MadSci Network: Physics

Re: Why does a rubber ball bounce higher when only partially frozen/very cold?

Date: Sat Mar 17 15:24:51 2001
Posted By: James Griepenburg, , Chemical consultant, Chemmet Services
Area of science: Physics
ID: 981230015.Ph


Your experiment has puzzled several people for some time now.  We were 
intending to try some rubber balls ourselves but our environmental chamber 
has been in constant use and we're not too sure even how to design a 
simple experiment to test this.

A few observations: There are many different types of rubber each 
naturally having or designed to have a set of properties.  These 
properties are reasonably well but not rigorously defined; they can vary 
with time, temperature, history and other conditions in hard to measure 
ways.  You may have found some of these conditions     Rubber is a complex 
material consisting of long molecular chains with freedom of movement 
between the chains which is restricted by crosslinks between the chains. 
The chains also have a loose or folded structure which means that they can 
be lengthened without actually stretching the molecule itself. The freedom 
of movement between the chains means that when the stretching force is 
released the rubber can return [eventually] to its original shape. This 
stretching and other molecular movement takes time to happen.  In the 
confines of your test you are requiring that all the stretching and 
returning happen while the ball is in contact with the floor and that this 
contact happens in the same amount of time or that any time differences 
are somehow compensated.  [This is not meant to belittle your experiment 
because the important thing is to make good accurate observations and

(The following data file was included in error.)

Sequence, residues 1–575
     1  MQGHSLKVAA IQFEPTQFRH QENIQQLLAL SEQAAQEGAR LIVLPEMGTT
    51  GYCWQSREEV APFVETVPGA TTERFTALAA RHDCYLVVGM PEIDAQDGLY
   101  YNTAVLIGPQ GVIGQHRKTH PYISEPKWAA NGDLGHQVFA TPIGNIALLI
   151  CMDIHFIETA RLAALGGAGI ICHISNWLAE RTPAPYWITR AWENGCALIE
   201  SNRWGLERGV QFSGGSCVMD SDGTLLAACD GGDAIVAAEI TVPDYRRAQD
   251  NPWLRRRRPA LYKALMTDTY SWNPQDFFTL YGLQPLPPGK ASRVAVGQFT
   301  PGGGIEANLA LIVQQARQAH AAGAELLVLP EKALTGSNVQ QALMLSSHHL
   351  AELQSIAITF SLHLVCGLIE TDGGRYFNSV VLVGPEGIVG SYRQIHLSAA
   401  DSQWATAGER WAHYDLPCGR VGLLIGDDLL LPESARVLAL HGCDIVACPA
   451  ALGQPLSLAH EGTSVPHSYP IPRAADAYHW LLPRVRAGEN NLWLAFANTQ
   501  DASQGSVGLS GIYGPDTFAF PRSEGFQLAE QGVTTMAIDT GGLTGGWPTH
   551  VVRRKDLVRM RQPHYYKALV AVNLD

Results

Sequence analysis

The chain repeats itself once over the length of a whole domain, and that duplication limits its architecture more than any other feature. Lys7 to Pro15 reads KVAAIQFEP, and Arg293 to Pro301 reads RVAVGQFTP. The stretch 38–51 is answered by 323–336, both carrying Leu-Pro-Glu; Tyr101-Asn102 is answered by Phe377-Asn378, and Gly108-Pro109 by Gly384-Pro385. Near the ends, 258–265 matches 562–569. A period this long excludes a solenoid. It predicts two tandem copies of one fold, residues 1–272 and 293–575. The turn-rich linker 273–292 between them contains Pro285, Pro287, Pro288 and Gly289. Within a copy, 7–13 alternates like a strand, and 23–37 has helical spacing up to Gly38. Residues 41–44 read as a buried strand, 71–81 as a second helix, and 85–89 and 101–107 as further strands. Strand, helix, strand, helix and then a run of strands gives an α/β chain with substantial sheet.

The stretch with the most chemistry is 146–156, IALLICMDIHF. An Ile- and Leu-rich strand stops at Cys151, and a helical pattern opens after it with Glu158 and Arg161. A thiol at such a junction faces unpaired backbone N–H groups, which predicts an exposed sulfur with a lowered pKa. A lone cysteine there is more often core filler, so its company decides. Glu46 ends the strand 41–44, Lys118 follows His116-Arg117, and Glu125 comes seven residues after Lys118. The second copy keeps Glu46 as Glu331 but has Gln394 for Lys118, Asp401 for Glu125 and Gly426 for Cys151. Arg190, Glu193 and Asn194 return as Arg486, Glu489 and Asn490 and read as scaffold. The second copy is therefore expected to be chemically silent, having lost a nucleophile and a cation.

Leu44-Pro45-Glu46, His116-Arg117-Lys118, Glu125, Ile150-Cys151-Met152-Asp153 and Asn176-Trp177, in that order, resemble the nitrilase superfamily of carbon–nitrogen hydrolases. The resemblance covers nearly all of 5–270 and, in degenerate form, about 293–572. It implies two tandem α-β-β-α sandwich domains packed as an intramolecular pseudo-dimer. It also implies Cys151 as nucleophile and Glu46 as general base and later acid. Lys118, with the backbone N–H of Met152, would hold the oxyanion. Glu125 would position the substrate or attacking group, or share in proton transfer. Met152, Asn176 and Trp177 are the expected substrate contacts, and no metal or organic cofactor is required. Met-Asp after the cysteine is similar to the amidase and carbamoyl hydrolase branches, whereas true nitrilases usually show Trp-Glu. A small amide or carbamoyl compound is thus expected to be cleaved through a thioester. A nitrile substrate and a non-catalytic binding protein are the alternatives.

think about them which you have done very well.  A really good experiment 
doesn't answer questions! it gives you data that makes you think about new 
questions that you[and our team of experts] haven't thought of yet.]  

Time of contact and the amount of movement of the rubber molecules are 
possible hidden variables. This can be investigated, i think, by varying 
the height the ball is dropped and measuring the percent of rebound as a 
function of height[total energy].  You can imagine the difference in 
hitting a ball with a bat. i\If you hit it just right it goes far if you 
hit it too easy or too hard, hit the cover off the ball, the results are 
not as good. 

A second variable is the surface you are bouncing the ball off. The 
ability of the floor to rebound also effects the bounce, as you cool the 
ball the ball gets harder and the floor deforms more in the contact 
causing different behavior.  Rubber as it is cooled becomes harder and its 
modulus or recovery from deformation increases. it bounces higher, 
however, the range of deformation in which it bounces higher may change. 
As it cools more there may be internal crystallization, you do notice that 
it becomes cloudy, again changing the properties.  It will, at some low 
temperature, pass thru a transition know as the glass transition where it 
becomes hard and brittle or glasslike.  If you reached this temperature 
the ball should bounce higher but the time constant and the deformation of 
the bounce surface may also change. This makes a definable measurement 
more difficult.

Another theory that was presented is that the short cool hardens the 
surface and increases its modulus over the center and the composite 
structure behaves differently from the original one temperature ball.

As you see I have no real answers.  What you can do is record your 
conditions and your measurements accurately. If possible check out the 
other variables such as the type of ball, the height, and time-temp in the 
cooler and possibly the bounce surface.  In any case please do continue to 
choose projects and record good observations that raise questions rather 
than give answers.  If you have questions or more data don't hesitate to 
email me.


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